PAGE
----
Social and community service managers typically do the following:
- Work with community members and other stakeholders to identify necessary programs and services
- Oversee administrative aspects of programs to meet the objectives of the stakeholders
- Analyze data to determine the effectiveness of programs
- Suggest and implement improvements to programs and services
- Plan and manage outreach activities to advocate for increased awareness of programs
- Write proposals for social services funding
Social and community service managers work for a variety of social and human service organizations. Some of these organizations focus on working with a particular demographic, such as children, people who are homeless, older adults, or veterans. Others focus on helping people with particular challenges, such as substance abuse, mental health needs, chronic hunger, and long-term unemployment.
Social and community service managers are often expected to show that their programs and services are effective. They collect statistics and other information to evaluate the impact their programs have on the community or their target audience. They are usually required to report this information to administrators or funders. They may also use evaluations to identify opportunities to improve their programs, such as providing mentorship and assessments for their staff.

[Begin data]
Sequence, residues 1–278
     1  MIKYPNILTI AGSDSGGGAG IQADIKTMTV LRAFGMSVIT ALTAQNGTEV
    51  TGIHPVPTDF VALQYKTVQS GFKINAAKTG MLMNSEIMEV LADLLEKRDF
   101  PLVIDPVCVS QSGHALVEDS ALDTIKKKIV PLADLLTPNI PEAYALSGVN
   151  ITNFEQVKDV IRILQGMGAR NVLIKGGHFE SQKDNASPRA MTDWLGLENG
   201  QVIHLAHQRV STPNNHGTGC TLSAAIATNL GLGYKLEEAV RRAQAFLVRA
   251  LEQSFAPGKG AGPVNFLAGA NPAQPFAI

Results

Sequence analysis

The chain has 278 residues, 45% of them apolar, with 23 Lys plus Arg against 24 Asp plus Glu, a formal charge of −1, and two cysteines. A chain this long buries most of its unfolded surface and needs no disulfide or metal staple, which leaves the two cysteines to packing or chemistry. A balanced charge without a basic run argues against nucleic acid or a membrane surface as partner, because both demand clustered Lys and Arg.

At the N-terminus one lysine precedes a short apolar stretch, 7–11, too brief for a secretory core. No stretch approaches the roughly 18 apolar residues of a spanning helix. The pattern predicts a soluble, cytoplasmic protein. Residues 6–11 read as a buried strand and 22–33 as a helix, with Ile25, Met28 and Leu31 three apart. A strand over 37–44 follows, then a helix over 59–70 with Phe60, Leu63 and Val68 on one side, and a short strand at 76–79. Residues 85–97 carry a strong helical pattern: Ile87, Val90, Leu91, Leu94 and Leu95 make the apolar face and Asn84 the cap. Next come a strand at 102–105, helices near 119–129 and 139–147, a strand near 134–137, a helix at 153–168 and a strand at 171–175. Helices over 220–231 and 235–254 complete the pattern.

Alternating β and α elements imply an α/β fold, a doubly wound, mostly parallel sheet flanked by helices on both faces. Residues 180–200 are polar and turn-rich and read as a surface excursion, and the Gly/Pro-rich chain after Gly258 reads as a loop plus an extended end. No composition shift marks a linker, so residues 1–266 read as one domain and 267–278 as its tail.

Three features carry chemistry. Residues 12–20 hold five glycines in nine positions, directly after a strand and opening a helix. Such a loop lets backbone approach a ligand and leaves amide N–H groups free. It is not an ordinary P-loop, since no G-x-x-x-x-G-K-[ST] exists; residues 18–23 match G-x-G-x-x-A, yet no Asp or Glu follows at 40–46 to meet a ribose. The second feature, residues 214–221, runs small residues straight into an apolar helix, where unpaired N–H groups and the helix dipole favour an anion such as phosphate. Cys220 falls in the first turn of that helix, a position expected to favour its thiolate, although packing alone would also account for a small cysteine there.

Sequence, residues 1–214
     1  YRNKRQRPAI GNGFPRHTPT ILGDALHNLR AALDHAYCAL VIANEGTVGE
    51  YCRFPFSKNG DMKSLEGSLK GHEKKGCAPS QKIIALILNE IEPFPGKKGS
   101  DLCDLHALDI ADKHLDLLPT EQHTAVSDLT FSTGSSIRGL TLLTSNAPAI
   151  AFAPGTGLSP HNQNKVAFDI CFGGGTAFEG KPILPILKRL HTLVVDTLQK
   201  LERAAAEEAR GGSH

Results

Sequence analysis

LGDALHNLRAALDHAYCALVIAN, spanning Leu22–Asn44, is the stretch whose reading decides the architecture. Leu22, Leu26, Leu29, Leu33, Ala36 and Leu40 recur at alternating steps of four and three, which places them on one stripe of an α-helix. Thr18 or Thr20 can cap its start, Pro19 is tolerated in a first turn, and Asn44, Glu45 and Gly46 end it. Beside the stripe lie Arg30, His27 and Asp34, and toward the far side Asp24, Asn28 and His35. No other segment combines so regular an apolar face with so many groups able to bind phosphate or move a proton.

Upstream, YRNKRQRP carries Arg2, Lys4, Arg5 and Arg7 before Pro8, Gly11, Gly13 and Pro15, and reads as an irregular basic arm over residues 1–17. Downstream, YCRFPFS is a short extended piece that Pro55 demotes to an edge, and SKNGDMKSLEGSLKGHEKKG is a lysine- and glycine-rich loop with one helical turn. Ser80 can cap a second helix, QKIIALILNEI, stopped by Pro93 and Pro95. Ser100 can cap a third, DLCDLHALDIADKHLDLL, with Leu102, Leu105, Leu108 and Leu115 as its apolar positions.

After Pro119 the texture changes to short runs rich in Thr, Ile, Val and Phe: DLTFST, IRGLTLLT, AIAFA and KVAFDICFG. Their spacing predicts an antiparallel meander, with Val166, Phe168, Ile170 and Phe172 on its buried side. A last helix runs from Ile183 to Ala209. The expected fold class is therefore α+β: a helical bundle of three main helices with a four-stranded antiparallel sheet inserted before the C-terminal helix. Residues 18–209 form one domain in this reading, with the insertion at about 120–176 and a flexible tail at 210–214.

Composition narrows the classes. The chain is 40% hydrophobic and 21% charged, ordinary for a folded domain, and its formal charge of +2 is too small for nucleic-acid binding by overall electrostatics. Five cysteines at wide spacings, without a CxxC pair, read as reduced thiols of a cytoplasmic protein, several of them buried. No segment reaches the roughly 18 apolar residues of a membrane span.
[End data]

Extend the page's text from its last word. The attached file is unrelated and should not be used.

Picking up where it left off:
Although the specific job duties of social and community service managers may vary with the size of the organization, most managers must recruit, hire, and train new staff members. They also supervise staff, such as social workers, who provide services directly to clients. Additionally, they may perform some of the services of the workers they oversee.
In large agencies, social and community service managers tend to have specialized duties. They may be responsible for running only one program in an organization and reporting to the agency’s upper management. They usually do not design programs but instead supervise and implement programs set up by administrators, elected officials, or other stakeholders.
In small organizations, social and community managers often have many roles. They represent their organization through public speaking engagements or in community wide committees; they oversee programs and execute their implementations; they spend time on administrative tasks, such as managing budgets; and they also help with raising funds and meeting with potential donors.